Crossed (Denise Winters)

There are more minor issues like some of the phrasing could have been compounded, mispellings, and mishap'd punctuation, but the narration is the primary issue. It switches from third to first person, but the accented language isn't consistent with either perspective.

The character's background seeps into the narration, which is a fine concept, and can be amazing if you can pull it off; however, once you sort out consistency issues, consider using Italics to represent Hannah's thoughts. When you go over you next drafts, be sure to vary the punctuation, and words enough to display emotion, or it will read as monotone.

I did like the ending. This kind of thing has been done so many times that I was worried your version was going to be lacking (and on a deeper note, I don't understand why she was chosen, but perhaps there doesn't need to be an explanation for that), but I'm glad that you stuck with the traditional, clever, insidious nature of the situation.


Prophecy? No, Thank You (Sean Sandulak)

It reminded me a lot of like Henry Jakubs. Except for one thing: COMMAS. There is a lack of commas, and while it's consistent (most of the time), you missed a few necessary commas. You also had a mishap with the italics.

There are lulls where the descriptions seem a bit step-by- step; streamline anything that's not necessary.

When I first started reading, I was worried it was going to be an over-done DnD campaign, but the truth is that this was the only completely humorous story in the anthology, and you did an excellent job. I was talking to people while I read all of them, and this was good enough that I was relaying the jokes to them instead of trying to gouge my eye out whenever there was a missing comma. I think you did a good job of differentiating the characters, but I would like to see you push it and go even snarkier.


The Heaven gate (Jon Jefferson)

Like many of the authors, you're missing commas. It would have read better if you varied the sentence structure and vocabulary a bit more. Take the time to make the characters a little more human.

It was superficial for the topic. The concept is timeless because it is so controversial, and so profound, and a great deal is expected from anyone trying to measure up to it, to do it justice. You went the profound route with a darker character, all you have to do is give it all a little more soul.


AD EYES (Gord McLeod)

The issues were minor--some punctuation and the like.

I read it very politically (and I don't think there is another way to read it). The fantastic thing about stories like this is that there is so much to think about, but the problem is that there is such a limited audience. You can walk knowing that, do the best you can, and still watch it fail. If this is an accurate reflection of your writing style, remember that you're writing for a purpose, and keep doing it even if it's only catching the eye of a few critical thinkers. Your next challenge is to go out into the world and find that small hub that reaches your audience.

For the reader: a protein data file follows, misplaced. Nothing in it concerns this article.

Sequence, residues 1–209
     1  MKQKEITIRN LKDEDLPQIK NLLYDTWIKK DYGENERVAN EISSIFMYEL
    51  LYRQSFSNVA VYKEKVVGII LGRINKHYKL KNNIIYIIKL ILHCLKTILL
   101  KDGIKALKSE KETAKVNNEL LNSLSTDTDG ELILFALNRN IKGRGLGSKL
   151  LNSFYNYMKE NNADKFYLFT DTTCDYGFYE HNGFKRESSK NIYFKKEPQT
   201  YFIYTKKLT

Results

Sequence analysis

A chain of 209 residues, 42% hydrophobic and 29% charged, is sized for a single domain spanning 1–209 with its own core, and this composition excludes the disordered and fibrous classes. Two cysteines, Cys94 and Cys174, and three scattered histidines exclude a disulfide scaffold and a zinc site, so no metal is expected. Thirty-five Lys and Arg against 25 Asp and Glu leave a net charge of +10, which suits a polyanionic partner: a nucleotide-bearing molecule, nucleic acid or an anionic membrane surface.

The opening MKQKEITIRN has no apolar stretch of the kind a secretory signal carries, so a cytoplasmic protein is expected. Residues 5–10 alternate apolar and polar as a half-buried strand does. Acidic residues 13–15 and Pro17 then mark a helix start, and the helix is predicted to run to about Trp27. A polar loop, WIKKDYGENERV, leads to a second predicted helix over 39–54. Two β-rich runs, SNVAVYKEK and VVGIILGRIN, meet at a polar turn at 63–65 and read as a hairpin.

A New World (Lou Gagliardi)

You have quite a few wrong words and inconsistencies. It reads as if you were writing within your head instead of for readers, and what bothered me most as a reader was how Luke knew something was wrong off the bat, but completely came to terms with it in his mind.

It seems you started to get the hang of writing your characters towards the end, which is kind of a bummer, because you ended a bit early. Write a variety of stories, then try this one again--from scratch. After you've completely re-written it, you'll see how much you've learned and you'll be much more satisfied with the result.


Nothing Special (Sophie Anderson)

You have a variety of errors, but they only occurred once or twice: minor spelling errors, a few missing commas, a misused semi-colon, a format error where two different dialogues were in the same paragraph...

You seem in between phases of skills, but if you push a little bit more, you'll figure it out, and it'll be gold.

The concept is interesting, and it's obvious that you've had a great enough passion to do some research for yourself (which many of the best authors do). I felt the internal monologue was excellent, and there was nothing too frivolous that took away from the pacing and content of the writing. I'm interested to see what might happen after this; however, I don't want to encourage you to push yourself if you feel this is complete.


The Dragon, Nitusomin (D. Bryant)

When you proofread, make sure the way you've written it is the way you want it read. At times, authors will use stops as a literal pauses in speech, as opposed to the mechanical use of ending a complete sentence (which is sound as it reflects speech patterns); however, I can't tell if you did this on purpose or not, so you're going to have to go back and decide for yourself.

You could take it further when you go back to this world. The imagery and stoic drama will be that much more magnificent if you utilize the opportunity to take the rhetoric to eleven. It's just a skosh away. I greatly enjoyed the narration as it is, and think you have a lot of potential with this character and his story. It's a unique take on something so familiar.
(review of free book)
smilner reviewed on Jan. 24, 2014

Great anthology! Keeps your attention; I really liked the chapter called, "The Survivor" by Jacob Lawrence (Writing as Henry Jakubs) - can't wait to see what else he has to offer!
(review of free book)
Lee Ann Lawrence reviewed on Jan. 23, 2014

Good read. I have not enjoyed an anthology for quite some time so it was nice to see a group of new, young writers coming together in this book. I really enjoyed "The Survivor" and would like to read a sequel, I want to know what else will be going on in 36009's world.
(review of free book)